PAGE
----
Dan Anderson is one of the most accomplished American martial artists. On the website for his school, his bio reads,
“Professor Anderson is the director and chief instructor of Dan Anderson Karate and has a 7th Degree Black Belt in Karate, a 6th Degree Black Belt (Senior Master) in Filipino Modern Arnis, and an 8th Degree Black Belt in MA-80. He is a 4 time national karate champion, having won over 70 Grand Titles! He is the founder of American Freestyle Karate, a uniquely American martial art as well as the author of the best selling book, "American Freestyle Karate: A Guide To Sparring" which has been in print for 30 years. He has been honored by inclusion into the Karate Living Legends, a lifetime achievement honor, being one of the 50 most influential martial artists in the 40 year history of tournament karate. Prof. Anderson's school has been continually teaching martial arts to the residents of East County for 25 years, making it the oldest Karate school in this area.”
The book mentioned above, American Freestyle Karate: A Guide to Sparring is widely recognized as one of the seminal and most authoritative written works on the subject of karate style point sparring. It's topics span stance and posture, body movement with and without footwork, developing power, kicking, punching, and blocking, and monitoring the opponent. It contains both technical information, including step by step breakdown of techniques and combinations, and strategic and conceptual instruction which informs the practitioner in his approach to both sports combat and self defense.
One particularly valuable section discusses the concept of confrontation, so crucial to success in freestyle sparring,
The Ability to Confront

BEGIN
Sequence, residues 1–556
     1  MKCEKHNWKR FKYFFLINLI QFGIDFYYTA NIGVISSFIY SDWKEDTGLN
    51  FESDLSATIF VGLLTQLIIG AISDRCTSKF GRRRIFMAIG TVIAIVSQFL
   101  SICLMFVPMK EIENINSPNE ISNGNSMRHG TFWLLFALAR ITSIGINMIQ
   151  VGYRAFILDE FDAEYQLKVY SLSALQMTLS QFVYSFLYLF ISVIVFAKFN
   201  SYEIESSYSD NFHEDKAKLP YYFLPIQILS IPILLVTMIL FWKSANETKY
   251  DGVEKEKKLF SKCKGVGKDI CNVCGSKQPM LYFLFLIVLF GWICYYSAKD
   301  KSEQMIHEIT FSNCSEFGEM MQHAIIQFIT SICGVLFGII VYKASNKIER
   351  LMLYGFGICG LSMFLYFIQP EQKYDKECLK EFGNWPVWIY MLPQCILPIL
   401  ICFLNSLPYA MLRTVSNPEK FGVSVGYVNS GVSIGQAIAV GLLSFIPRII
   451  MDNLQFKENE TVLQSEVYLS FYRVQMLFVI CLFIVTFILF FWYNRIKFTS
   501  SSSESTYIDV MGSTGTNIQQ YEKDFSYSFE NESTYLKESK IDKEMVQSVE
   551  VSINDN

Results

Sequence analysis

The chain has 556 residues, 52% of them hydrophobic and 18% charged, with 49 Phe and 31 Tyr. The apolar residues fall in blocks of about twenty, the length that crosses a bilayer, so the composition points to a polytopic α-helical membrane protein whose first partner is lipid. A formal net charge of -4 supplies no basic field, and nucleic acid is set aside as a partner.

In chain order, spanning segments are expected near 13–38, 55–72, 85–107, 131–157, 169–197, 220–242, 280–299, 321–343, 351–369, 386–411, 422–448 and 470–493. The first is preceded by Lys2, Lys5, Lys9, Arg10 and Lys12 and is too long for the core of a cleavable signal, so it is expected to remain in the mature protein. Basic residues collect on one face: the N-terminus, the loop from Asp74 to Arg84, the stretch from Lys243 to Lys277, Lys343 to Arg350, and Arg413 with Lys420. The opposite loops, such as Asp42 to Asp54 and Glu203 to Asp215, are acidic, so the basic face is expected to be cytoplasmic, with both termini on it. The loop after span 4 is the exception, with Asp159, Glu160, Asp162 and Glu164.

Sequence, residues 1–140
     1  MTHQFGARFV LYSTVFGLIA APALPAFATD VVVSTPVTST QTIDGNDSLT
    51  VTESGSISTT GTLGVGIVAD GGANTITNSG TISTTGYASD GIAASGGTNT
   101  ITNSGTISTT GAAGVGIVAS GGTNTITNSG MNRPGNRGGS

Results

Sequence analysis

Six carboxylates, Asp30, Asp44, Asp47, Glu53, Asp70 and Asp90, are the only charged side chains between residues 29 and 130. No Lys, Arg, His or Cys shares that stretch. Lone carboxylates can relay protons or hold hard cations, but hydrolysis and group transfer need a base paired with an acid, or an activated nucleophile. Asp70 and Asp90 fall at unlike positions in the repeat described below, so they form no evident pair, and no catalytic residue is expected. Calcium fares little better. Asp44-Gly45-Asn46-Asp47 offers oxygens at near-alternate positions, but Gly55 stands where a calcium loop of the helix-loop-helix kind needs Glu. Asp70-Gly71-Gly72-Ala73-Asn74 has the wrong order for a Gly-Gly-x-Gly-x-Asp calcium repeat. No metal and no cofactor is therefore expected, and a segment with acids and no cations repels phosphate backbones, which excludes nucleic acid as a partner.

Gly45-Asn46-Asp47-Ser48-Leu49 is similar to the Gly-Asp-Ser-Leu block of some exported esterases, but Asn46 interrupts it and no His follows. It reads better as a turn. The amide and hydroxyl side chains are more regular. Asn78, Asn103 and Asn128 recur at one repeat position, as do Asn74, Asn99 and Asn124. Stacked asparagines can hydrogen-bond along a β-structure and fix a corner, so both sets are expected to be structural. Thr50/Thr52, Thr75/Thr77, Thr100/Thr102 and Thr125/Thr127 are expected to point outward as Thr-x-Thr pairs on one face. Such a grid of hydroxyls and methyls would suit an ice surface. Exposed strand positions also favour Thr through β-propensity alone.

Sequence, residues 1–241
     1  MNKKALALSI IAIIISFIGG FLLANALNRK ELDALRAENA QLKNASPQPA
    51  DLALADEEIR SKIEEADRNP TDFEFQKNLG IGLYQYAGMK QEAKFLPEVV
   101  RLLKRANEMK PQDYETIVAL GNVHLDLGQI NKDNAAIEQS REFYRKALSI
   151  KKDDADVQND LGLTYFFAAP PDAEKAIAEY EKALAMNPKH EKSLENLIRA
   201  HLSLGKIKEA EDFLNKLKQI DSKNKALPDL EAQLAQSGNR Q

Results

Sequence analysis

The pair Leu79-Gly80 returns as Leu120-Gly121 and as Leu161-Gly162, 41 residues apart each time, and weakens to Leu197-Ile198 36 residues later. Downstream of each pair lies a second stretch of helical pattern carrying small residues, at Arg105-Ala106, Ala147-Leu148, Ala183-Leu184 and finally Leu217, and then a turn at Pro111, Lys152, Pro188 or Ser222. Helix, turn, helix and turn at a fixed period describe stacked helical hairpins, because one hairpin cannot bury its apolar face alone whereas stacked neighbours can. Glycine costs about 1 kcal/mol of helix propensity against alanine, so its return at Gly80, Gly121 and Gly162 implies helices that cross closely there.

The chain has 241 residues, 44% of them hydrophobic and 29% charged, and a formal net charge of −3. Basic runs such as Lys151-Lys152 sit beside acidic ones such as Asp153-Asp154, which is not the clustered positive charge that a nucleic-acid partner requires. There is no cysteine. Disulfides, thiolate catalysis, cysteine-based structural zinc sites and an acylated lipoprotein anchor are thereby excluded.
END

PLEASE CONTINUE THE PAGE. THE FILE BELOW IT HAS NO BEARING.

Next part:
“To confront – verb transitive – Webster's New Collegiate Dictionary 2.a. “to cause to meet: bring face to face.”
Psychologically, everything in karate boils right down to the idea of confrontation, to face up to something. Sparring, approaches, technical information, everything.
A person's ability to confront things comes with familiarization and gradient stages of the ability to confront itself.
When you have trouble with any face of karate, it comes from a failure to confront that particular area. Example: a person is a strong technician and is tough but does not think when sparring. The thing to do is to have them confront thinking during sparring in gradient stages. 1) Plan out each attack and carry out the plan; 2) spot circuits (habit patterns) in your opponent's sparring, etc. Take him through each step until he is up to sparring and thinking.
The ability to confront is such a great part of everything. Anything you can do well is because you can confront it, meet it face to face, nose to nose with a big grin. Karate has always felt easy to me, but acceptance of getting hit in the head has never been easy. My ability to confront things is up on karate and down on getting hit in the head.
Things that you cannot confront easily will have to be worked through, but if you take any one particular thing and work it out in easily handled steps, pretty soon the punch in the head (or whatever) will not seem so awful to you.
This is how I break my students into sparring. Thanks to movies and television, beginners come in with preconceived notions of karate, ranging anywhere from macho brutality to the idea that the studio is a monastic retreat for pacifistic martial monks. But, they have one thing in common; they sit back and tense up when watching somebody else spar. Here it is so close to them, violence, punching faces, kicking groins, struggling. A sparring match can be a fearsome sight to a lot of beginners. So, I start them off easy with a punch, a stance, a kick, a block, until they are comfortable with it. Then slowly, easily in a line drill, they see that attack come at them and block it. Great. That attack was handled. Then after a while, they get into slow and easy, unstructured blocks and attacks with a partner, the same thing that bugged their eyes out in the first place, sparring. The only difference is that through a series of gradient steps, they reached a point where what was once foreign to them was now recognizable and comfortable. That is what the ability to confront is about. Anything you have trouble with, work on in easy steps until it becomes comfortable.
Professor Anderson's advice transcends the art of kicking and punching. Take it with you in your training, practice your least favorite techniques. Do ten more kicks when you're already tired. But apply the lesson to the other facets of your life as well. Confront, persevere, have indomitable spirit.
Everything in karate boils right down to the idea of confrontation. Karate no shugyo wa issho.